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The best cheap mirrorless cameras right now: good cameras at knock-down prices

Fujifilm X-T200
(Image credit: Rod Lawton/Digital Camera World)

Cheap mirrorless cameras can still be really good! It's tempting to assume that you always need to buy the latest and the best, but pretty much any mainstream camera made within the past few years will deliver great results. If you're prepared to choose an older model over a newer one, or shop amongst cameras that have been on the market a couple of years, you can save a great deal of money and still get a great camera.

It's becoming common now for camera makers to keep older models on sale even after newer replacements have arrived. These older models often don't give much away in terms of specs, but are massively cheaper.

Some camera makers launch entry level models at low cost to offer them at deliberately low prices, and while some new cameras keep their prices for a long time, others quickly get discounted.

You might not have expected that the cheapest mirrorless cameras would offer features like 4K video, fully articulating screens, electronic viewfinders and more, but plenty of them do! 

Here’s our list of our favourite cheap mirrorless cameras that you can buy right now. We've aimed to put the cameras in rough order of cost, but prices do fluctuate so bear that in mind. The important point to remember though is that we recommend every single model on this list, and any of them would make a great buy for a photographer looking for a bargain (though we go into more detail about which kind of user we think each one is for once we get to the entries).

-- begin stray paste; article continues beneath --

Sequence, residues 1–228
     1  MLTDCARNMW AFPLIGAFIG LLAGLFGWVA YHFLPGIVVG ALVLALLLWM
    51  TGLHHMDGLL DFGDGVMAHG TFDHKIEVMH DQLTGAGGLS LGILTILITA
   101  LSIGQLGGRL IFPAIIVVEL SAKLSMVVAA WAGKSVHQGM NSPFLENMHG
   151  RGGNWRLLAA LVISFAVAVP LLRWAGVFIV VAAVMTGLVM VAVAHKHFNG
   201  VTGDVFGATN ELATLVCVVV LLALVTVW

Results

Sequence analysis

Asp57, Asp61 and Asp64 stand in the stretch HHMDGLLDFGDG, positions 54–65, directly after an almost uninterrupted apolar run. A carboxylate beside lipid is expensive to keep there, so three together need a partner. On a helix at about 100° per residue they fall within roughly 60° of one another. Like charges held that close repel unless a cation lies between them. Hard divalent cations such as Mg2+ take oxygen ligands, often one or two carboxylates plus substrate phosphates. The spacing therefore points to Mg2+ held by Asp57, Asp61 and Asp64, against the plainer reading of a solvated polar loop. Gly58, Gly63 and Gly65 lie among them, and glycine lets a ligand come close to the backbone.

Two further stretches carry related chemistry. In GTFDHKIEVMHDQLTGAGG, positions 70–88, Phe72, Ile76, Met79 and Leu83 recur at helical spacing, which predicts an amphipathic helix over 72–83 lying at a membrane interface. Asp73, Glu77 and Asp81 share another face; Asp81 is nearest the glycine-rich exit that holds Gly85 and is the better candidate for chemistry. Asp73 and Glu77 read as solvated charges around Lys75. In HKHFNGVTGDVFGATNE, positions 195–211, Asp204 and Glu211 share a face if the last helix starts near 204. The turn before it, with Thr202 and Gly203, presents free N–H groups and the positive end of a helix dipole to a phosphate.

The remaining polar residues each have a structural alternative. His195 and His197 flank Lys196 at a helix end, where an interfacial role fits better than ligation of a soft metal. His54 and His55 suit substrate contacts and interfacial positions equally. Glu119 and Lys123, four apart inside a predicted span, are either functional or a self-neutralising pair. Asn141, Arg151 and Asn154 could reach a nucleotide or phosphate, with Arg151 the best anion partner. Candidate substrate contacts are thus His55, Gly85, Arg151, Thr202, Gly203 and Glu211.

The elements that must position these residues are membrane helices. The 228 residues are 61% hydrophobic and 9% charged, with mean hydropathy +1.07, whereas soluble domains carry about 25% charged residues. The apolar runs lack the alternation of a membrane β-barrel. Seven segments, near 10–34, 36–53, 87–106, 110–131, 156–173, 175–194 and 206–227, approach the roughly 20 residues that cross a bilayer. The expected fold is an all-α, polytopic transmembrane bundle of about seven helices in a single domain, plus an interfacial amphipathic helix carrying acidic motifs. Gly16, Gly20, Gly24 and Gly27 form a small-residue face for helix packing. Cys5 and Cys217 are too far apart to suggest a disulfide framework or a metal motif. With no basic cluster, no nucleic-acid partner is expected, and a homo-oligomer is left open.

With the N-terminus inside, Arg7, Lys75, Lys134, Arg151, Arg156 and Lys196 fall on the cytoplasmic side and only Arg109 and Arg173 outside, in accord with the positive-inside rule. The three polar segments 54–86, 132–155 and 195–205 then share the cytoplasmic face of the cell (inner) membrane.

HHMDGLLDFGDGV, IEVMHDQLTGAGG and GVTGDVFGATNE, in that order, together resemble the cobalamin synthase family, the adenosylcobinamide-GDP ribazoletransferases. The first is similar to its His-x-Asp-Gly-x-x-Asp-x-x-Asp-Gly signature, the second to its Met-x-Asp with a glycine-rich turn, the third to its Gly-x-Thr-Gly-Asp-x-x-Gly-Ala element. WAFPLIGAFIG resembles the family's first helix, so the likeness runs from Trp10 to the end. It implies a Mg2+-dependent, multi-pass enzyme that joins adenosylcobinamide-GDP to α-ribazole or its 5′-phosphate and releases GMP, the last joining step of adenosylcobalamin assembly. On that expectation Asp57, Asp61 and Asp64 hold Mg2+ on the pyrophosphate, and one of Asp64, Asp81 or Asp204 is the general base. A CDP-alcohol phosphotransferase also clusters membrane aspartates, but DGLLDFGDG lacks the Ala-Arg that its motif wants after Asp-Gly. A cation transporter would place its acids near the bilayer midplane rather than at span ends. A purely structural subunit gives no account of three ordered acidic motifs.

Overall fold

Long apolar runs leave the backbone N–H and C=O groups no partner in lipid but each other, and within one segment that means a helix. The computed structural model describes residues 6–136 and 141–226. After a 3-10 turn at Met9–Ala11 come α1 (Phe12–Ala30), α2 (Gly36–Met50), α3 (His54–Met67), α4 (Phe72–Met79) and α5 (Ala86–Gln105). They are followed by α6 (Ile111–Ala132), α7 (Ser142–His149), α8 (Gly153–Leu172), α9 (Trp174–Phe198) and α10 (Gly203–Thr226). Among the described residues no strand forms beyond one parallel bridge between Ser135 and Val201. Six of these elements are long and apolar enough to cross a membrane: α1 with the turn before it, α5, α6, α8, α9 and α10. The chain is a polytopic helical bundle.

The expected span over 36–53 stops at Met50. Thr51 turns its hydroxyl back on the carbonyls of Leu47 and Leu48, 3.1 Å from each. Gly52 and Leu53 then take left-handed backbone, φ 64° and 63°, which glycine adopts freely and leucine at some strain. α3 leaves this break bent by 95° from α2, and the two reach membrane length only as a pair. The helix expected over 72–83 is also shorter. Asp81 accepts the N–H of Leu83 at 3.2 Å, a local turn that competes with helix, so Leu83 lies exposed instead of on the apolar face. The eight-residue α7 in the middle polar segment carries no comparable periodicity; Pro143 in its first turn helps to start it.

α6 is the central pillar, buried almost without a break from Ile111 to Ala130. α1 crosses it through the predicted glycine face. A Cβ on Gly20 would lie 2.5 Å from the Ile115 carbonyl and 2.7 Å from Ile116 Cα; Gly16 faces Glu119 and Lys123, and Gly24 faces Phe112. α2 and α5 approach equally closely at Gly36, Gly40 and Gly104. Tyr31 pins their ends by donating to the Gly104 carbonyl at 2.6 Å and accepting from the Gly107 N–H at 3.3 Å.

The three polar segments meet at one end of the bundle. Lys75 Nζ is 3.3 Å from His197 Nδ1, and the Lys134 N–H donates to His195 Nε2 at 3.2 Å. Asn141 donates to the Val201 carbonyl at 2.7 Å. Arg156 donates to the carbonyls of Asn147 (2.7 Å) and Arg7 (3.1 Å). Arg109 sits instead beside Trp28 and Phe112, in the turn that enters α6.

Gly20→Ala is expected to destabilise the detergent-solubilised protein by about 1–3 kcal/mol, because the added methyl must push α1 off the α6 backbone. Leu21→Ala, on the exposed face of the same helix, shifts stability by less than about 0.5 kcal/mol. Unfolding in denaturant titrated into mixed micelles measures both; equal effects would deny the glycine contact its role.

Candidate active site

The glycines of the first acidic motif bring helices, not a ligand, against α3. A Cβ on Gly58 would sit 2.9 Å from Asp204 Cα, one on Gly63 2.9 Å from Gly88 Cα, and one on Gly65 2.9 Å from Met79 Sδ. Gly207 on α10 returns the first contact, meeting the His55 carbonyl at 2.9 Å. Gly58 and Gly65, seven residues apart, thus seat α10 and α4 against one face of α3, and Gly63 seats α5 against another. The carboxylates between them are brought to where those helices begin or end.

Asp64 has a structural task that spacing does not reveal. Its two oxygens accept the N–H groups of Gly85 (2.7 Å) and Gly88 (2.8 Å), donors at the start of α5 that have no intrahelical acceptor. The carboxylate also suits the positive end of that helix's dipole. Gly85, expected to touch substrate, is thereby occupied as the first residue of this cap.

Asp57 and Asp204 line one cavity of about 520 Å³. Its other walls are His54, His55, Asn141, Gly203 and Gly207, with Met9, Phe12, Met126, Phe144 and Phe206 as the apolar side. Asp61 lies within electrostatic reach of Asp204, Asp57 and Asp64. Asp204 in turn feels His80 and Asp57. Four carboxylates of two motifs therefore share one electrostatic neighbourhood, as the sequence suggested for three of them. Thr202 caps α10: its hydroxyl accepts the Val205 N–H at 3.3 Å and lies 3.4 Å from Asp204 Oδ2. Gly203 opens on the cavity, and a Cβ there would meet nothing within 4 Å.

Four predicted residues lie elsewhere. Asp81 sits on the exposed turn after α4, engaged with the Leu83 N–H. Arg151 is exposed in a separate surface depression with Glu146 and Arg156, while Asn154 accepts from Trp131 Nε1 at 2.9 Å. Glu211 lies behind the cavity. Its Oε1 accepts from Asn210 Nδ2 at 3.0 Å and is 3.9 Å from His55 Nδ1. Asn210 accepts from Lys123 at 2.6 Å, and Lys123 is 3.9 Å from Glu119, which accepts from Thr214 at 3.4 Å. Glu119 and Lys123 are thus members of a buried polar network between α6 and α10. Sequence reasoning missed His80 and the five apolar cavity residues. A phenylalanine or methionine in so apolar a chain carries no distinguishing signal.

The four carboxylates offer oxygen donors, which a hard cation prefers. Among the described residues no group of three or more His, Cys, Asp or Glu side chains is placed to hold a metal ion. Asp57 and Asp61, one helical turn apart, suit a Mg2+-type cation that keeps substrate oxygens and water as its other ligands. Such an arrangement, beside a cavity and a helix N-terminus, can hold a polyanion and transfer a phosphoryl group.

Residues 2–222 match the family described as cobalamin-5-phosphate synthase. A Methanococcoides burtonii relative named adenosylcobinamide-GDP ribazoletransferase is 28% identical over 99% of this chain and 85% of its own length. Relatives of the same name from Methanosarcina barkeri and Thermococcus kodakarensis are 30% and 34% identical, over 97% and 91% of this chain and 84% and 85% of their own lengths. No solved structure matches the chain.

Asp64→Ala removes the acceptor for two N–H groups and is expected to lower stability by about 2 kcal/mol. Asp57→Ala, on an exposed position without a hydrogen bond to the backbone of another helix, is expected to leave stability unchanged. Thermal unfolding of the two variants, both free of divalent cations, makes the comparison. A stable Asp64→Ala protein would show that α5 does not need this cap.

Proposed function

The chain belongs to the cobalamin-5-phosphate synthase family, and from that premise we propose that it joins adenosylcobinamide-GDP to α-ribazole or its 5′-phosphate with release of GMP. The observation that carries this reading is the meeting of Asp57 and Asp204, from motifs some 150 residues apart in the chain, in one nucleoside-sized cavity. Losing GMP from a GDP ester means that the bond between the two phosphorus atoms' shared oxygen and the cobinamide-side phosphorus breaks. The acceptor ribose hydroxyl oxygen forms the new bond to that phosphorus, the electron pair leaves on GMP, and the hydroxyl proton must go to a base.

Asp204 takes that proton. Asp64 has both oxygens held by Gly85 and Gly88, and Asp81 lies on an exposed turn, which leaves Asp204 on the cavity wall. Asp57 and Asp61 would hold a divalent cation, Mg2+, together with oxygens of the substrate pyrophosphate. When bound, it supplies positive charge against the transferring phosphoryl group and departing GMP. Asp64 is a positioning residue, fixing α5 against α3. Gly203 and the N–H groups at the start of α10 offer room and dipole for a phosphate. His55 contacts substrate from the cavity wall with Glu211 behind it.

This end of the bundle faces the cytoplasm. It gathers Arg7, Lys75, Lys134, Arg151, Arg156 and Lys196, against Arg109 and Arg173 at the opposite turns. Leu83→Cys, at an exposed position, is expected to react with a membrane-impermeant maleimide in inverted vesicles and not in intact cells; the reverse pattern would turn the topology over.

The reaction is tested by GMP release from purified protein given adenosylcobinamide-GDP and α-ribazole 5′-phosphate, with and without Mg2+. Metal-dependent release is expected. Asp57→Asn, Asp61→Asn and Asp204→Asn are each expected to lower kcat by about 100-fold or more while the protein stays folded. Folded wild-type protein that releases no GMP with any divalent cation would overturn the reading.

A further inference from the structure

One more thing. When you're shopping for cheap mirrorless cameras, be sure to check whether the camera is 'body only' or comes with a lens. And if a retailer is offering a 'twin lens' kit, that's often a way to make even greater savings.

So let's get cracking with the best cheap mirrorless cameras!

(Image credit: Panasonic)

1. Panasonic Lumix GX80/85 with 12-32mm lens

A portable, affordable mirrorless camera perfect for travel

Type: Mirrorless | Sensor: MFT | Megapixels: 16.0 | Lens mount: MFT | Screen: 3-inch tilting, 1.04m dots | Viewfinder: EVF | Max burst speed: 8fps | Max video resolution: 4K | User level: Intermediate

Compact 'rangefinder' styling
Built in viewfinder
Smaller MFT sensor
Swamped by bigger lenses

The GX80 uses a 16-megapixel Micro Four Thirds sensor which sounds a bit weedy compared to the beefier 24MP APS-C sensors used by rivals, but what you lose in sensor size and megapixels, you gain in other areas – notably the built in electronic viewfinder, in-body image stabilisation, 4K video and Panasonic’s ‘4K Photo’ mode, where you can capture 8-megapixel images at 30fps, or shoot first and focus later, using the ‘Post Focus’ mode. We especially like the retracting 12-32mm kit lens usually sold with this camera. Its slim profile makes the camera very pocketable when it’s not in use, and while the  effective focal range of 24-64mm isn’t as long as some, it’s an ideal lens for travel and street photography. Given the features you get with this camera, current prices are just plain silly. It's another cheap mirrorless camera that's actually rather good.